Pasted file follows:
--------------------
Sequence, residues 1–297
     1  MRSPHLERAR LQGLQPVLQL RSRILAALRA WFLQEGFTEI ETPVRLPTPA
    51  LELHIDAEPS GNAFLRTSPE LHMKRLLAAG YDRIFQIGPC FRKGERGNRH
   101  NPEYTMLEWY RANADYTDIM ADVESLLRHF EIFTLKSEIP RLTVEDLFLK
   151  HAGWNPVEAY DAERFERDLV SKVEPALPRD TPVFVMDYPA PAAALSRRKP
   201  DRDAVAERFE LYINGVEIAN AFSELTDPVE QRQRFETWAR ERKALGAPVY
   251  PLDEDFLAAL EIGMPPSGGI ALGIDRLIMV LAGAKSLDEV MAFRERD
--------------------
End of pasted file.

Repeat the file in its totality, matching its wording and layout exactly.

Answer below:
Sequence, residues 1–297
     1  MRSPHLERAR LQGLQPVLQL RSRILAALRA WFLQEGFTEI ETPVRLPTPA
    51  LELHIDAEPS GNAFLRTSPE LHMKRLLAAG YDRIFQIGPC FRKGERGNRH
   101  NPEYTMLEWY RANADYTDIM ADVESLLRHF EIFTLKSEIP RLTVEDLFLK
   151  HAGWNPVEAY DAERFERDLV SKVEPALPRD TPVFVMDYPA PAAALSRRKP
   201  DRDAVAERFE LYINGVEIAN AFSELTDPVE QRQRFETWAR ERKALGAPVY
   251  PLDEDFLAAL EIGMPPSGGI ALGIDRLIMV LAGAKSLDEV MAFRERD